Background. Microbial screening is a mandatory test for banked UC blood (UCB) to comply with the code of good manufacturing practice (GMP). Cord blood banks (CBBs) are not always closely located to a GMP-licensed microbiology laboratory, resulting in time delays for transport of specimens prior to microbiological testing. This study investigated the influence of ≥ 24 h delays in initiating automated microbial screening on the detection of bacteria in UCB, by analysis of specimens deliberately spiked with bacteria and the recovery of bacteria from cryopreserved spiked-UCB. Materials and methods. UCB was processed according to standard CBB procedures and spiked with Staphylococcus epidermidis or Escherichia coli [2-2000 colony forming units (CFU)/mL]. Spiked-UCB (0.5 mL) was (1) held at room temperature (RT) and inoculated into pediatric BacT/Alert bottles (bioMérieux) at Days 1, 4 and 7 (delayed inoculation); and (2) inoculated directly (Day 0) into replicate BacT/Alert bottles and held at RT for 1, 4 or 7 days before loading onto the BacT/ALERT system (delayed loading). Spiked-UCB samples were cryopreserved. Bacterial counts were quantitated on horse blood agar plates. Results. Bacterial growth in UCB spiked with a single bacterium was capable of detection by the BacT/ALERT system. S. epidermidis grew in all conditions of delayed testing (ie. delayed inoculation and delayed loading). E. coli failed to grow under conditions of delayed inoculation but grew at all time points of delayed loading. S. epidermidis and E. coli were recovered from cryopreserved spiked-UCB. Discussion. Inoculation of culture bottles as soon as possible after sample preparation is preferable. Bacteria can maintain viability in BacT/ALERT bottles inoculated and held at RT for up to 7 days prior to automated culture testing. Bacteria can be successfully recovered from cryopreserved UCB.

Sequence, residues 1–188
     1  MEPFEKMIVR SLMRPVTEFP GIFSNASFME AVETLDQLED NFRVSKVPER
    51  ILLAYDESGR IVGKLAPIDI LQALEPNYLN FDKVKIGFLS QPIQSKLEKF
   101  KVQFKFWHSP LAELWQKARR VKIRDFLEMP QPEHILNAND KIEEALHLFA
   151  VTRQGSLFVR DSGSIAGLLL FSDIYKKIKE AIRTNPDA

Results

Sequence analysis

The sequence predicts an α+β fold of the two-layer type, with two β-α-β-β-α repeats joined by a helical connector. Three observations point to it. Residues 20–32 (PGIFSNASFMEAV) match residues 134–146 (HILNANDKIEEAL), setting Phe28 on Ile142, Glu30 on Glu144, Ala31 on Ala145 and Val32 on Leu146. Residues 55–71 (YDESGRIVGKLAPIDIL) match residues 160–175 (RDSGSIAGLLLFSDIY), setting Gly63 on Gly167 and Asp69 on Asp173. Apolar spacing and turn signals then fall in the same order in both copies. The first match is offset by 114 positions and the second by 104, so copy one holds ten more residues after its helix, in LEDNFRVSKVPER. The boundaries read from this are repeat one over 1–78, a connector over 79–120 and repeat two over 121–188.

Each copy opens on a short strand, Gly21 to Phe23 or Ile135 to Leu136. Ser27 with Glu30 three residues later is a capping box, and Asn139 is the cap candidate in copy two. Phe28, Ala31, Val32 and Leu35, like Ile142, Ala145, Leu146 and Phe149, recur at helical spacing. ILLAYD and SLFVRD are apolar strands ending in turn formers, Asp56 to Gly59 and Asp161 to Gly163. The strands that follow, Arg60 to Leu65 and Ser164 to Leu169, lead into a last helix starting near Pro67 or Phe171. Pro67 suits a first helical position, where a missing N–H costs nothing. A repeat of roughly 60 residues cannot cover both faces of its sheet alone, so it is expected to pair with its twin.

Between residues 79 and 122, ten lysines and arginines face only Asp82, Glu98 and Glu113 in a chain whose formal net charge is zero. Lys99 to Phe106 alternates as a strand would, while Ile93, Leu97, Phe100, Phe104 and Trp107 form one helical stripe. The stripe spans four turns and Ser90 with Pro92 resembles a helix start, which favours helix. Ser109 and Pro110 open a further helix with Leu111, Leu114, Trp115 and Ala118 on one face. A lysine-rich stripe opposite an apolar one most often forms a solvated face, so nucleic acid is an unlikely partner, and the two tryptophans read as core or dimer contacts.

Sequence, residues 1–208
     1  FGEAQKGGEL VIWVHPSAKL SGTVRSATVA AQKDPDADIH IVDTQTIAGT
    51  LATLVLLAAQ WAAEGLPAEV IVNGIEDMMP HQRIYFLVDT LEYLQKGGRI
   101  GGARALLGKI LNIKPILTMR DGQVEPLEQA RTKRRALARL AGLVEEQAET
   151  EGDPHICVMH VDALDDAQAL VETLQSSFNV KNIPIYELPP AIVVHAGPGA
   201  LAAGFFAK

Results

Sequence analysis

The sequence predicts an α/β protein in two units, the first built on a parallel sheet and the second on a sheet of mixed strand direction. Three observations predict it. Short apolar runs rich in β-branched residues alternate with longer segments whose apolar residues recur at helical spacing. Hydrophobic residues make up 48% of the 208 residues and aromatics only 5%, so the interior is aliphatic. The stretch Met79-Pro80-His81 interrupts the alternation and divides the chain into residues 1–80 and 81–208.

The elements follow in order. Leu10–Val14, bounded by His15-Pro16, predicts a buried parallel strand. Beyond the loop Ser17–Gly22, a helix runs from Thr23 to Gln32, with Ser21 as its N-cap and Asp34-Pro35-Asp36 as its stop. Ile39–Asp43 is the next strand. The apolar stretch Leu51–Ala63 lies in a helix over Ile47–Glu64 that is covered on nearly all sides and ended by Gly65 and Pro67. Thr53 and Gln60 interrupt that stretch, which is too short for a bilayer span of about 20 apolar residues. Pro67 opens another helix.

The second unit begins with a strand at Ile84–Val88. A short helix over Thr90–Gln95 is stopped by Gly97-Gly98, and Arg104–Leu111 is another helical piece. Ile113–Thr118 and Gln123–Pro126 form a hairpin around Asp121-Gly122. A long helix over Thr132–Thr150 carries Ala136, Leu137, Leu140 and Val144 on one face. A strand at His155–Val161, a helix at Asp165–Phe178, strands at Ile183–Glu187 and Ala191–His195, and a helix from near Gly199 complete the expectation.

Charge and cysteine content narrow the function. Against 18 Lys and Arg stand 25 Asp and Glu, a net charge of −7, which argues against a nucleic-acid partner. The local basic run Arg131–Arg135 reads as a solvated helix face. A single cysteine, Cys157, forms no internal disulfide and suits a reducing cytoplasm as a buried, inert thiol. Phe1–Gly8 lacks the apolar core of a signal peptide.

- Automated culture system
- Umbilical cord blood